The pheasant who came to call  

Before I lived in Cambridge I had a house built in the village of Boxworth, about 8 miles out of Cambridge. It was very much rural, surrounded by farmland, with a small stream behind the house. I had to get used to the sound of owls hooting in the darkness, and of small muntjak deer leaping from the hedges as I drove from the main road to my house. I once found a dead badger at the back, which the locals informed me had to be reported to the local authorities for removal. I had to have a grill fitted to my chimney to prevent the birds who perched on it from flying down into my house.

One of the most engaging local creatures was a pheasant whose neck feathers featured a white circle. It lived in or near the village, and was dubbed “the parson” because its white band resembled a clerical collar. It was a pet of the village and was often seen strutting along its streets and lanes.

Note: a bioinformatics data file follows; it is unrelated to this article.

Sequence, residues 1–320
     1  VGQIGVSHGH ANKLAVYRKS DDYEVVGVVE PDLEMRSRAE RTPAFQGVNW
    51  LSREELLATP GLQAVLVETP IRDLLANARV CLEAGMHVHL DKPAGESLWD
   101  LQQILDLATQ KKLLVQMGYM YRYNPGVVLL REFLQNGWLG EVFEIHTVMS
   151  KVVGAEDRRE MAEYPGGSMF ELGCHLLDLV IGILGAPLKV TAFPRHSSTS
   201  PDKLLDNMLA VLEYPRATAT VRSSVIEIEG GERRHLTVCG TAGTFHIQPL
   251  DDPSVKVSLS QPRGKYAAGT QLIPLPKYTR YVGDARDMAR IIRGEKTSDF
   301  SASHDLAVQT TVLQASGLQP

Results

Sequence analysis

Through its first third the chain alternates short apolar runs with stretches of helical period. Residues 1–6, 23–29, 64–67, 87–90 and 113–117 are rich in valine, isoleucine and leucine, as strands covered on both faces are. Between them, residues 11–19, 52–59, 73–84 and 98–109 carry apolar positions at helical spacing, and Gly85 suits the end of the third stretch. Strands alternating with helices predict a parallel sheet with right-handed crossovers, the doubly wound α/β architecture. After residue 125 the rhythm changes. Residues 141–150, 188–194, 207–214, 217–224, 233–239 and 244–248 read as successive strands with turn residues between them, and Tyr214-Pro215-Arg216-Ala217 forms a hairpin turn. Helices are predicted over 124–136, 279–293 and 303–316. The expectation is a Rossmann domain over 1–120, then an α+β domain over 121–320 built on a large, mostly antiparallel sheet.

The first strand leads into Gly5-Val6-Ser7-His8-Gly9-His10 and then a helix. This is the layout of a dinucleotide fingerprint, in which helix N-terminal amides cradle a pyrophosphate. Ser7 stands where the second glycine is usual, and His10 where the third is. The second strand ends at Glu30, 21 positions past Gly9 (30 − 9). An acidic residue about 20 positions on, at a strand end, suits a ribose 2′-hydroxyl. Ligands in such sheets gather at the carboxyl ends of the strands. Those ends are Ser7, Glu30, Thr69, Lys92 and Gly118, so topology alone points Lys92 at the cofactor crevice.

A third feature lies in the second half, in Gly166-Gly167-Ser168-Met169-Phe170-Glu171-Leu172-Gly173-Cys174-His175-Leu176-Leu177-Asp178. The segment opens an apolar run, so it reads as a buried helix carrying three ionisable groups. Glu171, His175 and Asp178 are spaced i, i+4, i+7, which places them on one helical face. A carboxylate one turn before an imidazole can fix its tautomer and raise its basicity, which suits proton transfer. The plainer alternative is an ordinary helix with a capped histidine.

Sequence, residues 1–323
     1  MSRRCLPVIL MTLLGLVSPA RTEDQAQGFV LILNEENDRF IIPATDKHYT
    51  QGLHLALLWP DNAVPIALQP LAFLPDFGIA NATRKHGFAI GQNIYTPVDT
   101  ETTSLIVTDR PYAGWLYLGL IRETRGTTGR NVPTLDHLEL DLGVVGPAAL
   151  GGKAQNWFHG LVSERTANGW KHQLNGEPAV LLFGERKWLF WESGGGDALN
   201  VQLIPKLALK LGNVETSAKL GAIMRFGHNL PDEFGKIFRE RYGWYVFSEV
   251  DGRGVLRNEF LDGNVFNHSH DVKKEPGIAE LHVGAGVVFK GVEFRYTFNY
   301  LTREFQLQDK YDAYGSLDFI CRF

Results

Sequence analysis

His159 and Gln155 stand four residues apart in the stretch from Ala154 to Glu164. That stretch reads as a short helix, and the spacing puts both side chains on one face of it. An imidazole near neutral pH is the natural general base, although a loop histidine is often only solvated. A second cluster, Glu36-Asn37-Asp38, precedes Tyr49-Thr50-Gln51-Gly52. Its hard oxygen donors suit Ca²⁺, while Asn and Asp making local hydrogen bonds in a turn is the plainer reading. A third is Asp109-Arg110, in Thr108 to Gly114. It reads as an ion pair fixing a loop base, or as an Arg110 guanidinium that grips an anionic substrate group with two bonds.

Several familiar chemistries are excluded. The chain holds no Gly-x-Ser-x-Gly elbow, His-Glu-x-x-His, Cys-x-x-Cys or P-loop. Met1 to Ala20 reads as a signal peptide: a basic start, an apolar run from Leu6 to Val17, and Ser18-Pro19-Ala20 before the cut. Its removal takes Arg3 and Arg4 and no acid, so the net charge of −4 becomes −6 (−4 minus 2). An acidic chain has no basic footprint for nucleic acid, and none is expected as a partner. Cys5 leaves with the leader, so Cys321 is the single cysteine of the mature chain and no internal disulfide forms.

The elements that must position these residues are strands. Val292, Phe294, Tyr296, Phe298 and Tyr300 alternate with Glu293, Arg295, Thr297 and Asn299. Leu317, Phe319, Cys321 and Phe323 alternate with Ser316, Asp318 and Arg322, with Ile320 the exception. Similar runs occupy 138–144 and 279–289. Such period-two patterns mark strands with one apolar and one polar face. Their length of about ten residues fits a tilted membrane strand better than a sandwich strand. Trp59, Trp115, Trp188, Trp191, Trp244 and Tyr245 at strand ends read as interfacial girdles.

Once I heard knocking at my front door, and when I went to answer it I saw the pheasant pecking vigorously at its glass panel. When it saw me it glared at me with what looked like an angry look. I didn’t let it in, and it was several minutes before it strutted off. It happened more than once, and I guessed that my house might have been built along one of its previous regular walkways, obstructing its passage. Either that, or maybe it saw its reflection in the glass and was telling the supposed interloper to clear out of its patch.